HOMEWORK SOLUTIONS: SOLVING GRAPHICALLYPage 1: Using a ruler and protractor to find • Page 2: Finding the resultant vectorshorizontal and vertical components of a vector: given its components: • Vertical: 10.8 cm 1. 6.4 cm at 51 degrees above Horizontal • Horizontal: 10.0 cm 2. 11.7 cm at 59 degrees below the • 44.5 degrees horizontal • Magnitude: 14.2 cm
EXAMPLE: BREAKING A VECTOR INTO ITS COMPONENTS Suppose a person walked 65 m, 25 degrees East of North. What were his horizontal and vertical components? H.C. = ? The goal: ALWAYS MAKE A RIGHT TRIANGLE!V.C = ? To solve for components, we often use the trig functions 25° 65 m sine and cosine. adjacent side opposite side cosineq = sineq = hypotenuse hypotenuse Rearranging these equations to solve for the horizontal and vertical components… adj = hypcosq opp = hypsin q adj = V.C. = 65cos25 = 58.91m, N opp = H.C. = 65sin 25 = 27.47m, E
EXAMPLE A bear, searching for food wanders 35 meters east then 20 meters north. Frustrated, he wanders another 12 meters west then 6 meters south. Calculate the bears displacement.Step 1: Draw a diagram of the bear’s displacement. 23 m, EStep 2: Find the resultant displacement in the north - =direction & east direction. Draw This triangle.Step 3: Solve for the bear’s magnitude and direction. 12 m, W - = 6 m, S 14 m, N 20 m, N 35 m, E R 14 m, N R = 14 2 + 232 = 26.93m 14 Tanq = = .6087 23 23 m, E q = Tan -1 (0.6087) = 31.3 The Final Answer: 26.93 m, 31.3 degrees NORTH or EAST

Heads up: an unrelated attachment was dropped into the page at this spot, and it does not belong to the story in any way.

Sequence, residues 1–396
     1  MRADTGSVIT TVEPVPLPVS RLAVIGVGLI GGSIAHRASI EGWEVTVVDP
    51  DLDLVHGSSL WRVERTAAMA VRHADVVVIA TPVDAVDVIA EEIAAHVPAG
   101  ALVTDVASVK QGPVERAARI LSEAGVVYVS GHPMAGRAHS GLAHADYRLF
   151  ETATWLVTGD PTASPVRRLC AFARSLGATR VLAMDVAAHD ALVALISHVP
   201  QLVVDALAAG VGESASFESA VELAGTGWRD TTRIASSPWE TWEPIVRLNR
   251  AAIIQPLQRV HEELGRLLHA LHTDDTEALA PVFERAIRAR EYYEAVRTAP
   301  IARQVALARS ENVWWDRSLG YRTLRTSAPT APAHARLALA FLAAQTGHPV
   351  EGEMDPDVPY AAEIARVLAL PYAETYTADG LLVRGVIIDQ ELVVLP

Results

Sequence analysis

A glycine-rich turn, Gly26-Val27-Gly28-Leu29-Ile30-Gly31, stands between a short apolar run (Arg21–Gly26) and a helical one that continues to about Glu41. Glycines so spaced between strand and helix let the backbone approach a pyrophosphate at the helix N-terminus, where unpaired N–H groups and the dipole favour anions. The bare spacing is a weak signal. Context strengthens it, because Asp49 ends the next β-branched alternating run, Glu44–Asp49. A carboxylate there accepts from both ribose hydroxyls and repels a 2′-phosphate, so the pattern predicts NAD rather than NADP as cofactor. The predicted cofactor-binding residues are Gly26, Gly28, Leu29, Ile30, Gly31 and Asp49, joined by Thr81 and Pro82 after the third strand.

EXAMPLE 1: SOLVE FOR RESULTANT VECTORA boat moves with a velocity of 15 m/s, N in a river which flows with a velocity of 8.0 m/s, west. Calculate the boats resultant velocity with respect to due north. Rv 82 15 2 17 m / s 8.0 m/s, W 15 m/s, N 8 Tan 0.5333 Rv 15 Tan 1 (0.5333 ) 28 .1 The Final Answer : 17 m/s, @ 28.1 degrees West of North